We need to change our culture. There are people in other countries trying to kill us; we cannot afford to ignore talent, just because the person who has it is wearing a skirt, or is not a White male. If the Appellate Division in the First Department doesnít look like the people whose fate it decides every day, is it any wonder that people lack confidence in our justice system?

Recently I attended a Womenís Bar Leadership Summit, hosted by the National Conference of Womenís Bar Associations. The Conference theme was: Effective Techniques to Advance Women Lawyers to the Top. Part of me was dismayed; I could have attended a conference with that theme thirty years ago; in fact, I probably did. But some of what I heard made sense to me.

Our profession is a dinosaur. Our template is the Wall Street Law Firm. Itís an outdated model based upon 18th century assumptions. It is dying out; the question is, what will replace it? Casual Fridays isnít a reform; itís a bandaid. We need a model for practicing law that allows human beings to be human. Whatís the point of technological advances if they donít free us up? Women are going to law school in greater numbers, few of them are staying at Megafirms to put in ridiculous hours; who will be left to work there in 50 years? As women succeed to the highest levels in companies that hire law firms, will they continue to hire White male lawyers because their companies always have? Donít misunderstand me; some of my best friends are White male lawyers. But I must say, most of them have lives; they do something besides sit in the office and bill hours. They travel. They read literature. They paint. My brother has even taken time off to - gulp! - raise his children. They experience life in its abundance and variety. And they are better lawyers for it. And better humans.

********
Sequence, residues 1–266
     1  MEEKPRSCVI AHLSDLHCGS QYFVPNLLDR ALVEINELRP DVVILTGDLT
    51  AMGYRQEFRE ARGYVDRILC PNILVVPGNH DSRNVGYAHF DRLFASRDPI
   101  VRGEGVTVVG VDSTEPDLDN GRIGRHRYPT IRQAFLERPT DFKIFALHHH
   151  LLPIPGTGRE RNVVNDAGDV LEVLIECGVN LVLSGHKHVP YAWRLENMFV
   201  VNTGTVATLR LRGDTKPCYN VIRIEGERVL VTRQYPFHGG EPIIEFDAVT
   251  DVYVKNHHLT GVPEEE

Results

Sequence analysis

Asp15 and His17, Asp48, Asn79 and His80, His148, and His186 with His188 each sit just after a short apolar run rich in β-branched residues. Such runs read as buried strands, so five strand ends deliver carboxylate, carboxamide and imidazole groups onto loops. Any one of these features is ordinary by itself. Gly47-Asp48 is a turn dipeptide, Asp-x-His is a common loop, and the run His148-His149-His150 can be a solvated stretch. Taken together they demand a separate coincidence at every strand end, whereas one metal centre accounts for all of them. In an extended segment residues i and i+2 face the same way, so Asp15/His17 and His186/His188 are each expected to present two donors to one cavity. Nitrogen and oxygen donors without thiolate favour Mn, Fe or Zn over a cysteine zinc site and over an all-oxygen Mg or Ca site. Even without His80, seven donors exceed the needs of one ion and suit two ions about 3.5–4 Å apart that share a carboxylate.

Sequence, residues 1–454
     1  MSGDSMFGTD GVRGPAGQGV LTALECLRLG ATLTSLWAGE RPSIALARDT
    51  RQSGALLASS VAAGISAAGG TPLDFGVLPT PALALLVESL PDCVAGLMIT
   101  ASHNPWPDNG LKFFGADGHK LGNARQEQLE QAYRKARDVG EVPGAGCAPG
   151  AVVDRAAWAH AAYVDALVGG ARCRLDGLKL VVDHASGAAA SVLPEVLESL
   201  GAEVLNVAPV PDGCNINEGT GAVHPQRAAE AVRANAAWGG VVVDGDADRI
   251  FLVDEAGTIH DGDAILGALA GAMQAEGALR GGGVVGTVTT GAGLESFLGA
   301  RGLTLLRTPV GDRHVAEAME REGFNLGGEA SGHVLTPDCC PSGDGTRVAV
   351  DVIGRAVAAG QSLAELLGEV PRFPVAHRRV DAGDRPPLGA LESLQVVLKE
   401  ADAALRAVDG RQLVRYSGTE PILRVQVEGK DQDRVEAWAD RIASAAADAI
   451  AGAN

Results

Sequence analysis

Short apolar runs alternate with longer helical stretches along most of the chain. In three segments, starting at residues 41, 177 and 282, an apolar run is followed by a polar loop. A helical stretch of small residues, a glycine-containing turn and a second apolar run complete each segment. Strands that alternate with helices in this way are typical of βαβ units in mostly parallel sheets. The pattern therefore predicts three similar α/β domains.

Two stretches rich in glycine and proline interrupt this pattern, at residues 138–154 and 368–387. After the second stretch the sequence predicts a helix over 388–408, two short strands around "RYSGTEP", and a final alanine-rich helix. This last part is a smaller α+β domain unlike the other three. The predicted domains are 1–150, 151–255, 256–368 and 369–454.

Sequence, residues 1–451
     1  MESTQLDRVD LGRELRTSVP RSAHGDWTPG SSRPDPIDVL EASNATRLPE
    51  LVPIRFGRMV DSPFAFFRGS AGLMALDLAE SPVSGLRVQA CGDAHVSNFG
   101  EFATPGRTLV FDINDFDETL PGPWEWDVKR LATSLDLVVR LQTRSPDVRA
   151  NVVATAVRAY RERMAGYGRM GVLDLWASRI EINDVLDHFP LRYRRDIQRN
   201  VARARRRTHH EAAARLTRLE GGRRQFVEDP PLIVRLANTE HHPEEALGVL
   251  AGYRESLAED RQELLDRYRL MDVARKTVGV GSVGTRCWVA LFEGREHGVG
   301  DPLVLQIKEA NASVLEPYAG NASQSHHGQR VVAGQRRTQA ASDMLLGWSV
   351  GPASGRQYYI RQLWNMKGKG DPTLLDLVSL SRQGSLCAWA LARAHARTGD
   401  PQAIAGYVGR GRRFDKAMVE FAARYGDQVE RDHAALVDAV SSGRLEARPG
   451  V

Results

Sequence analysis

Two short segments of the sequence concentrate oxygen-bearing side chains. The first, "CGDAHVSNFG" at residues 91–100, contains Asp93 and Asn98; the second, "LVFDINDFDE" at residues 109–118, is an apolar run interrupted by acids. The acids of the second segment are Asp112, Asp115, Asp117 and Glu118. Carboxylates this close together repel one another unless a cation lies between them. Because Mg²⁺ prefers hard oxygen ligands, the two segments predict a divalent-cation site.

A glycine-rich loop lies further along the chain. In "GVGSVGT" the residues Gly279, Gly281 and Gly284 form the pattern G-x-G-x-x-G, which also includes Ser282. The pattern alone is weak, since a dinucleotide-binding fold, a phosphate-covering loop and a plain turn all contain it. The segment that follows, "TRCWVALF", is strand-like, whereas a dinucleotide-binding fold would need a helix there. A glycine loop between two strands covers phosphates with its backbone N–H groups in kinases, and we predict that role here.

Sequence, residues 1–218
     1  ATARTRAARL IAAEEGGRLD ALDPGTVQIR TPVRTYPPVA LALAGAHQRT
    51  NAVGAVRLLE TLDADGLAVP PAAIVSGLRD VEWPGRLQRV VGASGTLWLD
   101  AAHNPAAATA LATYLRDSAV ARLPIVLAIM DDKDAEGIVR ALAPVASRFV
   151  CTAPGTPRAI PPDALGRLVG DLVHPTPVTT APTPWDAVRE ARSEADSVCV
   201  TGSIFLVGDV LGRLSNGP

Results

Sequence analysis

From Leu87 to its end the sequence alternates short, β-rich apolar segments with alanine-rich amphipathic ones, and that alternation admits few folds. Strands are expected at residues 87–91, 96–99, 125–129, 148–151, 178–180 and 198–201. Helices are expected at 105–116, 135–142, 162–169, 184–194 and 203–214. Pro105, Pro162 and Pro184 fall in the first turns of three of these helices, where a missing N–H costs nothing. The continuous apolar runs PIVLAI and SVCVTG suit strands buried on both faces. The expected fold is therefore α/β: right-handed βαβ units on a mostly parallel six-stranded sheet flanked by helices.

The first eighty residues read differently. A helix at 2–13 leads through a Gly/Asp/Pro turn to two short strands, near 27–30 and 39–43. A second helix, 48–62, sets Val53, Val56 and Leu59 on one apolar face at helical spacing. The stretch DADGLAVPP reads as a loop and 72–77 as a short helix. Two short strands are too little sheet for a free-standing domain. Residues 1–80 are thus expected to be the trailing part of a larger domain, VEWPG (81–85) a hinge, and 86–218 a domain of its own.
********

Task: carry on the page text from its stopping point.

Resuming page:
As we celebrate Womenís History this month, as we celebrated African-American History last month, I keep wondering: what will our legacy be? Who will be the next Sandra Day OíConnor, Judith Kaye, Betty Weinberg Ellerin, Constance Baker Motley? Letís be sure we are nurturing and promoting those lawyers; our failure to do so will have dire consequences for all of us.

Peace,
Christina

Archives

February 2006

In her column for February President Christina Kallas asked us to consider what it is we pay attention to in our culture. To view the President's Message in full, click here.

January 2006

In her column for January President Christina Kallas asked, "Do we (still) need a women's bar association?" To view the President's Message in full, click here.

December 2005

In her column for December President Christina Kallas discusses the Mental Health Court initiative. To view the President's message in full, click here.

November 2005